Writers - Tennant/Lowe
First released - (unreleased)
Original album - (none)
Subsequent albums - (none)
Other releases - (none)

The Pet Shop Boys were among the composers involved in a fascinating musical experiment that culminated in an orchestral performance February 17, 2009. The BBC Concert Orchestra, appearing at London's Queen Elizabeth Hall for an evening's show titled "Music and Chance," performed a composition that might be described as a "random collaboration." This new piece, given the title Stakes 'n' Chips (undoubtedly a pun on food and gambling, in keeping with the concert's overall theme of the element of chance in music), was described in a press release as follows:

"Twelve leading composers … their order decided, naturally, by the roll of a dice—have each written one minute of music, with only the last few bars of each score being shown to the next composer. What will be the consequences of this exciting instrumental experiment?"

In addition to the Pet Shop Boys, the other composers involved include Anne Dudley, Rabih Abou-Khalil, Will Gregory, Paul Patterson, Gwilym Simcock, and Tansy Davies, among others.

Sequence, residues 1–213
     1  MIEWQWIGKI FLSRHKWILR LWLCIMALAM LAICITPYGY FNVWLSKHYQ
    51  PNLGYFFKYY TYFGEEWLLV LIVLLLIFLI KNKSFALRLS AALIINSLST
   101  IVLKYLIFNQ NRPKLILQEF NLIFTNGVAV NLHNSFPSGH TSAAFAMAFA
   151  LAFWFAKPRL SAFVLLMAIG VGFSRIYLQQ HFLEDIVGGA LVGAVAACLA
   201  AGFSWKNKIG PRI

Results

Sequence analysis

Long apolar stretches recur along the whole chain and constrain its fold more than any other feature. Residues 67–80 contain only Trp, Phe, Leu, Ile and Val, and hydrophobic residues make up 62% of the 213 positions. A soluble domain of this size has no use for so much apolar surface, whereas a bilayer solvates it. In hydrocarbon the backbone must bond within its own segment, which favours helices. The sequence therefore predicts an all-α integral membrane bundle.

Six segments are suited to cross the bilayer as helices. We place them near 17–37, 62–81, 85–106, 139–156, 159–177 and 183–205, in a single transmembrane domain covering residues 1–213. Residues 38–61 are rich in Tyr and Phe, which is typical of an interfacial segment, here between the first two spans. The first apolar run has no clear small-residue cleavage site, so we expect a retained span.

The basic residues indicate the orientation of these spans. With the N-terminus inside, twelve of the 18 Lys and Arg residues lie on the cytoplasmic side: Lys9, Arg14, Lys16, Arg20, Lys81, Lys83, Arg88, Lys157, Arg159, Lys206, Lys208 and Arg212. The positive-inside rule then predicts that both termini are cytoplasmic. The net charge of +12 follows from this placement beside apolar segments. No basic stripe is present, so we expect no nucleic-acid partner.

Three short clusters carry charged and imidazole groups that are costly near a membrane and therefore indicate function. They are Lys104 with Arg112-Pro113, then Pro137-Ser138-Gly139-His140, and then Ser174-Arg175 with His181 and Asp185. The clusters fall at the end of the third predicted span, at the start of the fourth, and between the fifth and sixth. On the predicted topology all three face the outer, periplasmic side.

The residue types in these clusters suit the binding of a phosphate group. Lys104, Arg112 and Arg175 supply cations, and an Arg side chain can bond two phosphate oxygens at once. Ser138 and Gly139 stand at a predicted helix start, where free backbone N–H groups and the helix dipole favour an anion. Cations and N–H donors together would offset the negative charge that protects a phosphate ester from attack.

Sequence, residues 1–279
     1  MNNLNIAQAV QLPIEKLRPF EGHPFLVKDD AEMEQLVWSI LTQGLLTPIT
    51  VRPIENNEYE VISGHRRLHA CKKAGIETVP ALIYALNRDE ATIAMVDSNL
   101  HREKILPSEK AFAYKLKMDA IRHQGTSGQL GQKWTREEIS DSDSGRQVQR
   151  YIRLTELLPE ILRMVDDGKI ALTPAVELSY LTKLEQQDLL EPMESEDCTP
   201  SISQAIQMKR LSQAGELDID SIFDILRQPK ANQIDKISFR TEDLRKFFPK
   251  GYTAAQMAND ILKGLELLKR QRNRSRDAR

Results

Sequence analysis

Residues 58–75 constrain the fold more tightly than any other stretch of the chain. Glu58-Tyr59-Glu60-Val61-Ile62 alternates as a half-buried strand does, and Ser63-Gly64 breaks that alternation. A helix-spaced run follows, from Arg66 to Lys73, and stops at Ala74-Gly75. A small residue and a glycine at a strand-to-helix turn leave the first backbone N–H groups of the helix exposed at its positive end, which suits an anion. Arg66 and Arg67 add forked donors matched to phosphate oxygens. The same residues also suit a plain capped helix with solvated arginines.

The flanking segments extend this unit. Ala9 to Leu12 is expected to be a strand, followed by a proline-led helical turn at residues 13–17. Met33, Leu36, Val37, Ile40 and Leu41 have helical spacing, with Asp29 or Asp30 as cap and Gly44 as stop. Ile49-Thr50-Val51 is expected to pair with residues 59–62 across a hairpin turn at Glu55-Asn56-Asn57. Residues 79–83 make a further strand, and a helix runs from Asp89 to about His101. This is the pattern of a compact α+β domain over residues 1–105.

Each individual composer provided a separate single-word title for their own portion, although a couple of them "hedged" by combining two words into one. Neil and Chris gave theirs the rather literal name "Particle." (It is, after all a part—or particle—of a longer work.) These titles, like the minute-long portions themselves, were then combined into two six-minute movements. The resulting movements, their component parts, and corresponding composers are as follows:

Movement 1: Be Minuteman Still Chancemeeting Particle Gamble

Movement 2: Arabesque Uncertainty Buckled Merryland Tumble Momentum

The PSB segment has been described by one attendee as similar in some ways to the introduction to the Extended Version of "Jealousy." Another attendee said that it reminded him of the orchestral passages of Results. Featuring no vocals, it begins (if I'm delineating the segment correctly) with a somewhat pastoral section dominated by a flute playing a series of brief arpeggio-like "up-and-down" runs. After about 20 seconds, the melody shifts to more drawn-out notes played on the oboe, still pastoral but with a darker mood. Then, after another 15 seconds, the rest of the orchestra comes to the fore. The music grows in volume and intensity, with the horn section providing a strong, ominous undercurrent. A brief segment of relative quiet returns, now with glockenspiel and, again, flute in the lead. Once more the music slowly grows in intensity, now with the string section providing the tense undercurrent. The PSB segment (again, if I'm delineating it correctly) concludes with those strings on a minor chord.

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